My biggest fear when getting rid of social media was losing touch with those I care about. I have a lot of friends who live in other countries around the world, and due to charges on long-distance messaging, I can’t just shoot them a text whenever, so the primary way we communicated was through Facebook and Instagram, and for a long while I told myself there was no alternative, no solution, so there was no plausible way for me to get rid of social media. A motto I tend to live by is “when there’s a will, there’s a way” and it applies perfectly to this situation. First, you can use Facebook messenger without using Facebook itself, it’s an entirely separate app. Second, there is another app called WhatsApp, it is a communication app that is used by a vast majority of people in Europe to communicate with those who live in other countries. It took me maybe five minutes to create an account and message all the people I was afraid of losing touch with.

  I’m not gonna lie and say that I haven’t wanted to get my Instagram back, to redownload TikTok. There have been multiple occasions through the past couple of months that I have been somewhere or experienced something and wanted to post it right away. To make sure everyone saw this crazy thing that just happened or how much fun I was having with a friend. This endless need to update people who probably just tapped through my story and scrolled past my posts, gave me yet another hard pill to swallow. How many things was I posting and sharing just because I thought I was supposed to because everyone else was because I wanted to make sure I was seen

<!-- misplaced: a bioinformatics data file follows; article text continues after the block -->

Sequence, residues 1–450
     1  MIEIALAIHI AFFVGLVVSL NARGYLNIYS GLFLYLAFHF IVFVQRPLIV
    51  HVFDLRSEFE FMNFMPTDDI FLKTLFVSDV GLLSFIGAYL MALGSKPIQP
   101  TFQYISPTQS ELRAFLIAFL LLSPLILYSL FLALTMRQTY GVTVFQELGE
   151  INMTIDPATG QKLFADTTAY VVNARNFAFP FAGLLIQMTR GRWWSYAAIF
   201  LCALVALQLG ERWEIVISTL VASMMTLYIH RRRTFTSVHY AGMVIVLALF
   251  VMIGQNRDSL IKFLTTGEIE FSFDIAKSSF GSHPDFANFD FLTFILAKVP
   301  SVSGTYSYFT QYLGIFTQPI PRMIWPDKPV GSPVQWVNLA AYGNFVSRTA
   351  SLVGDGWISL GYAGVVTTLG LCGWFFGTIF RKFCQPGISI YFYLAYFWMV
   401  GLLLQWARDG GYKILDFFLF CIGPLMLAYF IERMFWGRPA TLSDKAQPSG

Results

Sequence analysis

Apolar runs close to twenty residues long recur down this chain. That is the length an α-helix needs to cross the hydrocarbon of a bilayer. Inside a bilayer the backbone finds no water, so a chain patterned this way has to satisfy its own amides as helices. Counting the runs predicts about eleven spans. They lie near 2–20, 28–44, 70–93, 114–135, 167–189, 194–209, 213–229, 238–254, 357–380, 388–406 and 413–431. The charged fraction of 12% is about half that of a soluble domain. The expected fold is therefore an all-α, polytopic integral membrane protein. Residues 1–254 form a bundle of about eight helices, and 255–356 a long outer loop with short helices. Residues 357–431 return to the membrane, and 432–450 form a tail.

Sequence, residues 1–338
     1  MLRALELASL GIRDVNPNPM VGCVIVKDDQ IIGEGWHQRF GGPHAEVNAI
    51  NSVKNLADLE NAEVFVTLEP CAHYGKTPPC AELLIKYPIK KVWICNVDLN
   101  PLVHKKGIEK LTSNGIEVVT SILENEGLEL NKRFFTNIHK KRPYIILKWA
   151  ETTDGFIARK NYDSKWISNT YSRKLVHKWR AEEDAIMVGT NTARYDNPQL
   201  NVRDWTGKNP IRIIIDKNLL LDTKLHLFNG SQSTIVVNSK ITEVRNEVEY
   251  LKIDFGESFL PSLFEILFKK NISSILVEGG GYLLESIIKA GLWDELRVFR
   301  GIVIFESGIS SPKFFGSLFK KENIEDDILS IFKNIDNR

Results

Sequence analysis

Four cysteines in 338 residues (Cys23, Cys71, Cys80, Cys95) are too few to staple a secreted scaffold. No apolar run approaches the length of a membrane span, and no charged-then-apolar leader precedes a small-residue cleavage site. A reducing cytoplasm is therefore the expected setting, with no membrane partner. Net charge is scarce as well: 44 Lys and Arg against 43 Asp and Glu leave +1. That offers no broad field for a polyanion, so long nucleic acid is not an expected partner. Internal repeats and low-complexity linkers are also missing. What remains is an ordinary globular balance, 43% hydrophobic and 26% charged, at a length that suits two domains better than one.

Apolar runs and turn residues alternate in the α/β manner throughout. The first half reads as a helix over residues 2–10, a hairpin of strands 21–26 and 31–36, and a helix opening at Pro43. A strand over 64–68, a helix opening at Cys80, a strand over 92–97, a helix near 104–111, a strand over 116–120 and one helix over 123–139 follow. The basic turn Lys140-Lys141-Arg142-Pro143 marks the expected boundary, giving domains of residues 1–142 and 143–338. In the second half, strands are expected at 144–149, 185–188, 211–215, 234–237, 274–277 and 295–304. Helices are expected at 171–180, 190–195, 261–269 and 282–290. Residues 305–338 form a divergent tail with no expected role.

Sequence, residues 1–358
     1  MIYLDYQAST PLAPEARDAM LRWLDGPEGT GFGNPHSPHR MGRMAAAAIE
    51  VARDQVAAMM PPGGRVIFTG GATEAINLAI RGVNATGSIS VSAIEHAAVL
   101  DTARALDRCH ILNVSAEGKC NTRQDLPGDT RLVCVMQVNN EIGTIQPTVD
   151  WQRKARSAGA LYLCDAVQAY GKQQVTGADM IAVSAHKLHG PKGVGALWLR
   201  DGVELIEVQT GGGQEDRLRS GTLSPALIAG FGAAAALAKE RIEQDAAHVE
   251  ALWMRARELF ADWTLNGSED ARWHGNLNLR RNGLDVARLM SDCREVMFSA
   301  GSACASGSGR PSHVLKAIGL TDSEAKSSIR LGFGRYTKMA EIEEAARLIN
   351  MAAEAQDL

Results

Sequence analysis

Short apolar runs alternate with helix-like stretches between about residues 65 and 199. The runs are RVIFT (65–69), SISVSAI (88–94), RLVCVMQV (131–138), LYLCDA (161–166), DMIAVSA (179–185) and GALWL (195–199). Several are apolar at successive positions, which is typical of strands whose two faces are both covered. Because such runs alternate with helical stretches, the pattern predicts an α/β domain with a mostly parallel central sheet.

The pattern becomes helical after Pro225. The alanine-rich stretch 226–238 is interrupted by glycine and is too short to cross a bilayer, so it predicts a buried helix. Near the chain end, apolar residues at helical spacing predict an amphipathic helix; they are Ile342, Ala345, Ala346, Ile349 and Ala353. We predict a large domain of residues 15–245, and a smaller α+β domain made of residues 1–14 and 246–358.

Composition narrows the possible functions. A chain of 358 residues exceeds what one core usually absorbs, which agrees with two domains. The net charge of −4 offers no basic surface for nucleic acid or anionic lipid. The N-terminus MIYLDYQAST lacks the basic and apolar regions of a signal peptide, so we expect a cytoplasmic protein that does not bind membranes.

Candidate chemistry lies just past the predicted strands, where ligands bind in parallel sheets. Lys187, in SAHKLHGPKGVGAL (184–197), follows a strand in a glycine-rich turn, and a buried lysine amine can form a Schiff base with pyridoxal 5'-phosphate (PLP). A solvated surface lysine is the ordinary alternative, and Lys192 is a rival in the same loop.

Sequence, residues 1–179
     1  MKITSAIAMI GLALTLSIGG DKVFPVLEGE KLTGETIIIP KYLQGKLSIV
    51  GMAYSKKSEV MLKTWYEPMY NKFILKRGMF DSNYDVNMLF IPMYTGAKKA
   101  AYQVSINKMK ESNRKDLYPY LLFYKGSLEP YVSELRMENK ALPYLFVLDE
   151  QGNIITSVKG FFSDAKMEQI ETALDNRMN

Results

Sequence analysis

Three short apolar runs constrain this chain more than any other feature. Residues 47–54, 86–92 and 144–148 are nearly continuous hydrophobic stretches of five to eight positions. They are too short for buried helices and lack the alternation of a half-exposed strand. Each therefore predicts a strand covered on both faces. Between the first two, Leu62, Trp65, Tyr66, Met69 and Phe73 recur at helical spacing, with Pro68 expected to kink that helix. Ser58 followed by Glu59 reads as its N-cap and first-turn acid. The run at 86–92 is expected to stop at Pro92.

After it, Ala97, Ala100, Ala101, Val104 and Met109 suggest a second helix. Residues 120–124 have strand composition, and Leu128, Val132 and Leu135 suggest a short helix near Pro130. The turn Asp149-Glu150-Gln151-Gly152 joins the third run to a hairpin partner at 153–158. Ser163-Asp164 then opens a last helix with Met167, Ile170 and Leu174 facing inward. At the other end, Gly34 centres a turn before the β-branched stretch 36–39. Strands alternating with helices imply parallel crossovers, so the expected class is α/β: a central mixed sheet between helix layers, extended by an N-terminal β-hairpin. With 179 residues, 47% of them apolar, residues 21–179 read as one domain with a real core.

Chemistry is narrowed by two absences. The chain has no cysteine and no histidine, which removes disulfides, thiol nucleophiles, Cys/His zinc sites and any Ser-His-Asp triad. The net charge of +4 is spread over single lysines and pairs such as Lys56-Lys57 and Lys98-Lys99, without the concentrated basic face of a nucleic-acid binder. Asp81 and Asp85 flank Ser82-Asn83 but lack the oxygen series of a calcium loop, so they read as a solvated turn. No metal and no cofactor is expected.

I’ve realized over the past weeks that being seen by everyone isn’t as great as it sounds, that I’m seen by the ones I care about. That although some random person who happens to have one mutual friend with me may not see me, my closest friends, who are always there, do. That the stranger whose photo I just liked might not know my name, but my family knows that and so much more.  That those of you who may happen to skim through this article may not see me, but my creator does. The people who have been with me and will continue to be, see me, even if the rest of the world is blind to my existence. 

Maybe one day in the future I’ll log back in, redownload the deleted apps and remind the world that I am still alive. For right now though, I’m enjoying just being here, just living rather than sharing. Social media isn’t all bad, but life without it is so very good.